JKJ
    Thanks for the info! I was cutting with the top sharp surface, although handle level and "upside down". Did try sheer also, not working well..... Just trying to find a "cheap" alternative to regrinding and repurposing a high dollar scraper...... I use my skews as NRS.

    Oh, I remember your cabinet scraper post from a while ago, and I've been using them. Not on the lathe though. I do know they cut skin much faster than wood...... DAMHIKT.

  4. #19
    Join Date
    Mar 2007
    Location
    Wetter Washington
    Posts
    857
    Sharpening scrapers "up-side down", Dave (D-Way tools) and Jimmy Allen (Boxmaster Tools) are both big fans of sharpening scrappers upside down.
    Besides conventional scrapers Dave has negative rake ones, largely due to Jimmy and another local (Scott) encouraging him
    Jimmy's tools are (I think) exclusively NRS.
    (for those not in the Seattle are, Jimmy is well known for his box work. Dave encouraged Jimmy to develop his own tools to do boxes with, so he did. The "plan" is for Dave and Jimmy to have adjoining booths at the Oregon Symposium)
    Making sawdust mostly, sometimes I get something else, but that is more by accident then design.

  5. #20
    Oh no!!! Not more tools..... If Jimmy wants to demo box turning, he is welcome to play on the lathe in my booth.... I do have a bunch of dried box blanks...

    robo hippy

  6. #21
    Join Date
    Feb 2018
    Location
    Sparta Tn
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    122
    I wish i could be a that symposium. I just checked and didn't win the lottery so guess I'll stay on this side of the Mississippi for a while.
    Last edited by John K Jordan; Yesterday at 4:24 PM.

  7. #22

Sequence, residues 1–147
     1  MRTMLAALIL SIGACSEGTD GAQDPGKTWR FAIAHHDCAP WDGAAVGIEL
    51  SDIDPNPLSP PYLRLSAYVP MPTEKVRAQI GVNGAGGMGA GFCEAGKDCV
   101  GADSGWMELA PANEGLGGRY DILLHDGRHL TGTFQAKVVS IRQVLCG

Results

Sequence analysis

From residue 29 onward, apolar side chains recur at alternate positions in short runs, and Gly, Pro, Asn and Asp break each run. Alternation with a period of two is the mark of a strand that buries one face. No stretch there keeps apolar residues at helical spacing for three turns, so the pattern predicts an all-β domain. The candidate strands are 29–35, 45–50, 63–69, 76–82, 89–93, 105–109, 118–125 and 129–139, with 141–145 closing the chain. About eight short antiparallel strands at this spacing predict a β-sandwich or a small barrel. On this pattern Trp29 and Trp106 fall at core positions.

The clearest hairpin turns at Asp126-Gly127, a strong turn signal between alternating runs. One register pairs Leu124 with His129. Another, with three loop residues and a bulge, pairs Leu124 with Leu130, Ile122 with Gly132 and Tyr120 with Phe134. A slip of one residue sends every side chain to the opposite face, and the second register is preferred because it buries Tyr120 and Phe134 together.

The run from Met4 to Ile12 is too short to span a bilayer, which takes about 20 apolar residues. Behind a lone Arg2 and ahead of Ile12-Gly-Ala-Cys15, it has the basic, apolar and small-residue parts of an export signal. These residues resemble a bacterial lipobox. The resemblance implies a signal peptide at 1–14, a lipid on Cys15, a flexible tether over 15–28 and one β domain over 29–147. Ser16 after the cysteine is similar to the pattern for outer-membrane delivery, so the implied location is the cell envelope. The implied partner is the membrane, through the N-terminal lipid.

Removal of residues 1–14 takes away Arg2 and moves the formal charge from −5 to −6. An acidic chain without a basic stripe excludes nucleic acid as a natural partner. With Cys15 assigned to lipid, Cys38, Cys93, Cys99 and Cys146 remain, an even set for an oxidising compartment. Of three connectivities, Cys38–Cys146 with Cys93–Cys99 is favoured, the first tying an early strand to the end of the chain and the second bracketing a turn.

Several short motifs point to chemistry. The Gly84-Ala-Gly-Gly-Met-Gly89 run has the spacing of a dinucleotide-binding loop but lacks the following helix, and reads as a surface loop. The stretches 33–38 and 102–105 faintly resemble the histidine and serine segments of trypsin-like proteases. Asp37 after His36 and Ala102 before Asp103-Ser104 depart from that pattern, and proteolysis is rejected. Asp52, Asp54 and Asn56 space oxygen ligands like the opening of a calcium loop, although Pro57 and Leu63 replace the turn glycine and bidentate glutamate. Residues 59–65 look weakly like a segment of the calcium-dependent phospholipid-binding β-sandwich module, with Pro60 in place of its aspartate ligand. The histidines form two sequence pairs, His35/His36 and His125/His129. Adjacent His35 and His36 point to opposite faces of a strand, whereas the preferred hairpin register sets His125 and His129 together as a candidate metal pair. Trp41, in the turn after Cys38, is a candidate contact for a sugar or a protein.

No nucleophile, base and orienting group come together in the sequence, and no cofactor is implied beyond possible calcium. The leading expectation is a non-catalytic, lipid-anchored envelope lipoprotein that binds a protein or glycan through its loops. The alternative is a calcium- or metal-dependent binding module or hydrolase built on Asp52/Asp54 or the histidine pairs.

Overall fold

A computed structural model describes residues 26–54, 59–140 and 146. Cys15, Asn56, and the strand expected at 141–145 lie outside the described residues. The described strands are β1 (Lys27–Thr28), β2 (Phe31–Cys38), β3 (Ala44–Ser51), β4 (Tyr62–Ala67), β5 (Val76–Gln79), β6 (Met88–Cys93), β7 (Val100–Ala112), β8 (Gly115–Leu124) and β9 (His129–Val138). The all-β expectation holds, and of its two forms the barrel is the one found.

I should have been more explicit - my post was in reference to that of John Lucas.

    Left click my name for homepage link.

  8. #23
    Join Date
    Feb 2008
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    E TN, near Knoxville
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    Quote Originally Posted by John Keeton View Post
    I should have been more explicit - my post was in reference to that of John Lucas.
    Ok, nevermind, then! The handy "qoute" feature can minimize ambiguity.

    BTW, I didn't make it to the Knoxville club meeting last week so Ii don't know what tilted/offset platters were shown. The May newsletter should be out soon, I think.

    JKJ

  9. #24
    Join Date
    Feb 2008
    Location
    E TN, near Knoxville
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    Quote Originally Posted by Reed Gray View Post
    ... I would be willing to bet that a carbide burnisher would turn a burr on it...
    Reed, I tried using a carbide burnishing rod on one of the 1/8" thick StewMac scrapers a few minutes ago. It certainly did raise a burr, even with light pressure. That's not surprising since it does with 10v steel.

    I'm running on 10% today and wasn't able to test it on wood but I'll try to in a few days. Perhaps using them with a burnished burr would work better for woodturners than luthiers. Or at least get extended use from them with each sharpening.

    JKJ